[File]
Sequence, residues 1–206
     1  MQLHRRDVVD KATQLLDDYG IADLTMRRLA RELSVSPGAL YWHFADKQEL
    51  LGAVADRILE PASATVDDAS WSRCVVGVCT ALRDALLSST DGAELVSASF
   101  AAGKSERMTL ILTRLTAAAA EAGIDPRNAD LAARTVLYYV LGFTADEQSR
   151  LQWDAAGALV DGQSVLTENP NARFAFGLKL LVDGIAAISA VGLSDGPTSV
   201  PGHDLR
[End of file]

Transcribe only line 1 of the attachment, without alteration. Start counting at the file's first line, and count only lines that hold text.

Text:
Sequence, residues 1–206